A drawknife is a traditional tool used for quickly and easily shaving
strips of wood from pieces of timber. A drawknife is sometimes known
as a 'drawshave', 'draw shave' or 'pull shave'. The tool is used as
the name suggests, it is drawn towards the user over the edge of a
piece of wood, shaving the wood with each pulling action.
A drawknife consists of a blade with the cutting edge running most of the length of the blade on one side with two handles set either end, traditionally and typically with the handles pointing towards the user. There are different designs of drawknife where the handles are set in a different position to the traditional style, one of which is where the handles are set either end in line with the blade; the drawknife is like handles bars on a bike. The cutting edge of the blade points towards the user between these two handles. The dynamics of the design make it very easy to control with very low risk of injury.
A drawknife can have a straight blade or a curved blade, it can have user pointing handles, folding handles, splayed handles or handlebar handles. The most common type of drawknife has a straight blade with the handles pointing towards the user.
A typical drawknife consists of the following parts:
A drawknife can be used to shave any wood. The wood the drawknife is often used to shave is green wood. The main reason the tool is often used on green wood is because the tool is well suited to this type of wood. The combination of the tool and the type of wood allows the user to take long, clean shavings and remove stock very quickly. The use of a drawknife was and still is a quick way of preparing and shaping a log by hand. A drawknife can also be used with seasoned timber. A cautionary note: the dryer the timber, the faster the drawknife will cut. A drawknife can also be used on other softish materials and for other uses. I have heard of bookbinders using drawknives and I have also heard of a Scottish mariner using a drawknife to remove Limpets.
There have been many makers of drawknives past and present, below are a list of a few well known drawknife makers:
The first thing to do is check the drawknife is very sharp, this is
very important as a sharp tool ensures the knife cuts easily and crisply.
If the tool is blunt make sure to sharpen the drawknife as a blunt
tool will make the use of it hard going and may make a mess of the
piece of wood.
Securely set the piece of wood to be shaved so the piece of wood is stable without risk of movement. The safest and most secure ways of securing the wood is with the use of a vice or with a shave horse (sometimes known as a draw horse). The piece of wood is set length ways.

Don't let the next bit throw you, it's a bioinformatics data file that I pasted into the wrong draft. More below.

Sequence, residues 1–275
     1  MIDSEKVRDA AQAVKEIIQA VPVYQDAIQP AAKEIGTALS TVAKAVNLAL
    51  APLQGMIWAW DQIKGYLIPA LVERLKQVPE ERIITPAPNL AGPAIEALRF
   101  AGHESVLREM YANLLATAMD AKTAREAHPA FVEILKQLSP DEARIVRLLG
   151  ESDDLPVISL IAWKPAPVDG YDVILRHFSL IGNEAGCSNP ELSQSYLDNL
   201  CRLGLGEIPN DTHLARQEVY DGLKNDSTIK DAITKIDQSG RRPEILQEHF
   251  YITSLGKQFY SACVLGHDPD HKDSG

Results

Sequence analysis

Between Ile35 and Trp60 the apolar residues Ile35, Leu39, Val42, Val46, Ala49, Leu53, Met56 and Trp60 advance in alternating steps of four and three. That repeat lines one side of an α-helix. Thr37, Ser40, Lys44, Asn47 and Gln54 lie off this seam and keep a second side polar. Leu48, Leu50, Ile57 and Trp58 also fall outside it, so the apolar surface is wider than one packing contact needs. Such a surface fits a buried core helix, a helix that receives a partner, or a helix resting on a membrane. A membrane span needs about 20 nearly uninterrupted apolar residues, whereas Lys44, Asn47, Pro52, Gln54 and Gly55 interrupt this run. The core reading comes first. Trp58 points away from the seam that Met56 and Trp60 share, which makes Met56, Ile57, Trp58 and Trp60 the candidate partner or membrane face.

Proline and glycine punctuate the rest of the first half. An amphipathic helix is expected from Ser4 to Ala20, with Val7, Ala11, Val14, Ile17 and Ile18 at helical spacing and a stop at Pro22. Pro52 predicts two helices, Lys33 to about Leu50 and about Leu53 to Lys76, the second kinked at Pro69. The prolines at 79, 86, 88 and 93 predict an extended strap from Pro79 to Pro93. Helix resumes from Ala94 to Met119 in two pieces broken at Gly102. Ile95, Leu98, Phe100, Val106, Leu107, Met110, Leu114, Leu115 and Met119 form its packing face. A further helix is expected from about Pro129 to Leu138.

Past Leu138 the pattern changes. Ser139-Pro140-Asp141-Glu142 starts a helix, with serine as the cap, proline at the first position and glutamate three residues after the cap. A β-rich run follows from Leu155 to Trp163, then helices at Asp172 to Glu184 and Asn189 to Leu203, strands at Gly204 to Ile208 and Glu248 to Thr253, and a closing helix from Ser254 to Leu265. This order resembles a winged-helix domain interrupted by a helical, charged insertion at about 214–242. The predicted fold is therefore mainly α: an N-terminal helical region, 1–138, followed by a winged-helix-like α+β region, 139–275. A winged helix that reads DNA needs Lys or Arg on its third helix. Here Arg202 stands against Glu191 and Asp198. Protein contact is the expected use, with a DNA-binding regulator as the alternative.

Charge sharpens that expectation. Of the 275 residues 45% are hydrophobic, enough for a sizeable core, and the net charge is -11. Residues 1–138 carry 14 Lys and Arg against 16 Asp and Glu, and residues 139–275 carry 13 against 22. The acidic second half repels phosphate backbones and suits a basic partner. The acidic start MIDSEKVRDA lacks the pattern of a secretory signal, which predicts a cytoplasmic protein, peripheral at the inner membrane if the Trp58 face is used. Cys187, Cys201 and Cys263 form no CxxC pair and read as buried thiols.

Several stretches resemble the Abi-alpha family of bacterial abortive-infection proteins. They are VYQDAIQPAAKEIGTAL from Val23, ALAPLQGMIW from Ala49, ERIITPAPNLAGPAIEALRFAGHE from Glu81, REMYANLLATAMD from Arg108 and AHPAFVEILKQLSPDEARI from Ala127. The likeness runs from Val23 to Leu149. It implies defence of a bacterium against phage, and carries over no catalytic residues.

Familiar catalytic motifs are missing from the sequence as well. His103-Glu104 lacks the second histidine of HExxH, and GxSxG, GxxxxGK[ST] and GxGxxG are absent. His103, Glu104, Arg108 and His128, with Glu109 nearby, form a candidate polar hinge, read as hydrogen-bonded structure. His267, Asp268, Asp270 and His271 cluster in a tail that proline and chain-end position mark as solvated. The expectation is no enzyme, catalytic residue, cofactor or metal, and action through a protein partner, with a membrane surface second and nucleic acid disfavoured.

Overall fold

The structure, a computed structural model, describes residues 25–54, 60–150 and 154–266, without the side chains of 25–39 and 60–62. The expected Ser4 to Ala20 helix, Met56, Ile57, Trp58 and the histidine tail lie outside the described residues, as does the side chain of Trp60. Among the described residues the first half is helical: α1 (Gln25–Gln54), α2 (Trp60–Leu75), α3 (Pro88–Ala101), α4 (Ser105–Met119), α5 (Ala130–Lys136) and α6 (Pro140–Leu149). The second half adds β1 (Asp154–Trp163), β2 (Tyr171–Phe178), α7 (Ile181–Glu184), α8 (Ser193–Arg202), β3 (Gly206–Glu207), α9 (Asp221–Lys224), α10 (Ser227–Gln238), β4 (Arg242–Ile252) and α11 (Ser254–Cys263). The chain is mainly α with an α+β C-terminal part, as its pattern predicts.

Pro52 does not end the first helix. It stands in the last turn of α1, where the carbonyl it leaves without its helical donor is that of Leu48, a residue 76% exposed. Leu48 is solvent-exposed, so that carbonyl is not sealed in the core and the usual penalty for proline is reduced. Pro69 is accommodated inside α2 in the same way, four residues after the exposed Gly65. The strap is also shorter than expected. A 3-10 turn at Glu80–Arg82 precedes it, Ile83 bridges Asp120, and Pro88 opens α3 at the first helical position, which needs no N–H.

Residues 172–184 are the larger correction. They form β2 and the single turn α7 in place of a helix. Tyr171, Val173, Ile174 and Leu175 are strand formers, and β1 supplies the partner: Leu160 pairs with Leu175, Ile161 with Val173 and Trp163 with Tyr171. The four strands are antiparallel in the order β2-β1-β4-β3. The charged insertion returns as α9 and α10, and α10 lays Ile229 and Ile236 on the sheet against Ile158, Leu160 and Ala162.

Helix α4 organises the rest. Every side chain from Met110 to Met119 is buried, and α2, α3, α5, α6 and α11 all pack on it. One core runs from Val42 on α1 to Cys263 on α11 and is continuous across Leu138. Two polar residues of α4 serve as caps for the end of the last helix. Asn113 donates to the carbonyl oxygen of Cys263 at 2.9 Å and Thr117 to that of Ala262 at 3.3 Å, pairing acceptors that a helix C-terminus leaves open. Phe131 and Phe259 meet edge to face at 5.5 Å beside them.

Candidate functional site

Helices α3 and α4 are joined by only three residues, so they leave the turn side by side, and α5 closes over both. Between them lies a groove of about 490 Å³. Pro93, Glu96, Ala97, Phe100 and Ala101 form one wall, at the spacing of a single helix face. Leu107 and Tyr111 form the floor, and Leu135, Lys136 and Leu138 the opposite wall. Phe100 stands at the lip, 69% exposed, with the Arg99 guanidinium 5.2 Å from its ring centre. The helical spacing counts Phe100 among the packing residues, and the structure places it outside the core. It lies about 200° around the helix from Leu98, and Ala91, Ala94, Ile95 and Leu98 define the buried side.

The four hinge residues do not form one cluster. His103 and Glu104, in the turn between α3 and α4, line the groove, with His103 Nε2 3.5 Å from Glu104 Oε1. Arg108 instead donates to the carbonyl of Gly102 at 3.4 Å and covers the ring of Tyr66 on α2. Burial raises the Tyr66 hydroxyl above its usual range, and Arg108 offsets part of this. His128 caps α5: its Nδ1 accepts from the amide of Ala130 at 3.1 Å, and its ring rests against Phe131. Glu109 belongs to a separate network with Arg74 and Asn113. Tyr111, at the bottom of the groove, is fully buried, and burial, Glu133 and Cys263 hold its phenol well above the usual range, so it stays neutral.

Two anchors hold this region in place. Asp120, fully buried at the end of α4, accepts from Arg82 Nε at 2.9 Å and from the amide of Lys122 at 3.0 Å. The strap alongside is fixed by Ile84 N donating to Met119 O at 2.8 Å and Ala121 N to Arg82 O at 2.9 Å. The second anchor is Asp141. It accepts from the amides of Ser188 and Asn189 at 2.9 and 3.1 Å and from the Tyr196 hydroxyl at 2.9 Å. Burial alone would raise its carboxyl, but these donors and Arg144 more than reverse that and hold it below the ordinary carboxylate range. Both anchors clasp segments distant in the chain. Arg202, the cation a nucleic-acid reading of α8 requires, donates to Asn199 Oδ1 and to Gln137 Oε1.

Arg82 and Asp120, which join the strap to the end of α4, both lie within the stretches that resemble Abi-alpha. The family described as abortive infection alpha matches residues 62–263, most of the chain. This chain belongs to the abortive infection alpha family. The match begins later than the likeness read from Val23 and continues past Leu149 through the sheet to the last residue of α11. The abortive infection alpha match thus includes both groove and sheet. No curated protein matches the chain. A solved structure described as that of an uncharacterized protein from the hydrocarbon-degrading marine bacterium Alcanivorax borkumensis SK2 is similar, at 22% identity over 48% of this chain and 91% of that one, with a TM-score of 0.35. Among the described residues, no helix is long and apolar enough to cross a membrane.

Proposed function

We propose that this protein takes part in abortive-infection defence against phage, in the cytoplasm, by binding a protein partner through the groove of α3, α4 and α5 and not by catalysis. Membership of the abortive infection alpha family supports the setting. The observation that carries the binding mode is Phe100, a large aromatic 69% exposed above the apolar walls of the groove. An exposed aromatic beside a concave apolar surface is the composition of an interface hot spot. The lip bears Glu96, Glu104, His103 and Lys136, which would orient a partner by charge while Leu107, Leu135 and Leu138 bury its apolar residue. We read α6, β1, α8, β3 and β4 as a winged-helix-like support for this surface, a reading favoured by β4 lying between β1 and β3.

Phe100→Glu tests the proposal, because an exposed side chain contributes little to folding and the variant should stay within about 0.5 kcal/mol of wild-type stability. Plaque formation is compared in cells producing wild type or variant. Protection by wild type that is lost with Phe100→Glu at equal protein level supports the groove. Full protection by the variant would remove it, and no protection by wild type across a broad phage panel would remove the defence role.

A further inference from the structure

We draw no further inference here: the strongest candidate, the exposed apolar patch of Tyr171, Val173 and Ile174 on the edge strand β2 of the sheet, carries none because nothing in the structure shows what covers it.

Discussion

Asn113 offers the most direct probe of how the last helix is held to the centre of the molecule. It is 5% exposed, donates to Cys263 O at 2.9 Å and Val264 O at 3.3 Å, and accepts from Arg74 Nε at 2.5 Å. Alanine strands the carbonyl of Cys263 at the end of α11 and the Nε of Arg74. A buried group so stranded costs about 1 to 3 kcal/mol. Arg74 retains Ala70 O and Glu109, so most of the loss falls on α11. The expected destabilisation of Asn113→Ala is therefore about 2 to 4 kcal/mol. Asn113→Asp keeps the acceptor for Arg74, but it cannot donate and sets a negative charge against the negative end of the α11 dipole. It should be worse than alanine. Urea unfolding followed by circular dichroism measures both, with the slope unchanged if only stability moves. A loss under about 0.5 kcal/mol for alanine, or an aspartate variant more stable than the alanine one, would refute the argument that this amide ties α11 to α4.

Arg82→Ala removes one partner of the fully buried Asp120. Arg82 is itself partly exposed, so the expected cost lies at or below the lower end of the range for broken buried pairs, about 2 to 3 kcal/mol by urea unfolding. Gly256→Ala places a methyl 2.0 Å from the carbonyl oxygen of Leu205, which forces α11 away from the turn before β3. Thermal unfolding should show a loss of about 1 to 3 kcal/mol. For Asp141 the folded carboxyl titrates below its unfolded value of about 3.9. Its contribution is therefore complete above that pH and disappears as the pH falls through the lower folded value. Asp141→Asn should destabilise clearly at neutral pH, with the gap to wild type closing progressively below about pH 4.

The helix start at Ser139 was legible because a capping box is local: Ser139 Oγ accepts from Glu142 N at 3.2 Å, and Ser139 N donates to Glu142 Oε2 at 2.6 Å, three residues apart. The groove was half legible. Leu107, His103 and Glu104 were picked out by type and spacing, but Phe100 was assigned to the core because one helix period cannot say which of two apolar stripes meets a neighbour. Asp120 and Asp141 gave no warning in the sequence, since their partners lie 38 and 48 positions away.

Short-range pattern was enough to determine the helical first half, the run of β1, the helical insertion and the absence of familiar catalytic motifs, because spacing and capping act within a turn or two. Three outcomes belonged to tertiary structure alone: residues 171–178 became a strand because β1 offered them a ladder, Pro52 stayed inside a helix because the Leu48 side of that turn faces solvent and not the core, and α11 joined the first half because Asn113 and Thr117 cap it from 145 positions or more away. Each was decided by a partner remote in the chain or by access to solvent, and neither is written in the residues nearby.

Hold the drawknife with the bevel facing down and the flat side facing up to ensure the best control of the tool. The sharp edge should be facing you.
Extend arms, lay the drawknife on the piece of wood and lightly dig the drawknife blade into the wood and then pull the drawknife towards body, shaving the wood like butter. Repeat this process until the required amount of wood has been removed.
If you wish to take thicker shavings it can be better to angle the drawknife cut. This is achieved by ensuring one hand is nearer to your body than the other as you perform each shaving action.
To make the wood smoother, make smaller shaves.
When removing lots of stock it is more efficient to quickly take lots of thinner shavings rather than to attempt making really big thick shavings.
It is usual that the piece of wood will need to be repositioned numerous times so all areas/the required areas of wood can be shaved.
* Important: please refer to the 'disclaimer' at the foot of this review.
* Wearing safety clothing and eye protection is usually a good idea to help protect against injury.
- This tool has sharp parts, take suitable precautions when using/handling/storing the tool to prevent injury.
A further cautionary note: the dryer the timber, the faster the drawknife will cut/slide.
(i) This review/article may give warning(s) / advisory notes / cautions / guidelines given
in good faith, any such information should not be solely relied upon and seen
as the exhaustive list of warnings / advisory notes / cautions / guidelines. Refer
to good safety practices for the safety of you and others. Refer to good practices
for the good health of your tool and property.
(ii) The details here are given in good faith, the details are constantly growing and evolving, there is scope for error and shouldn't be fully relied upon, please confirm any details for yourself by performing additional research from reliable sources.
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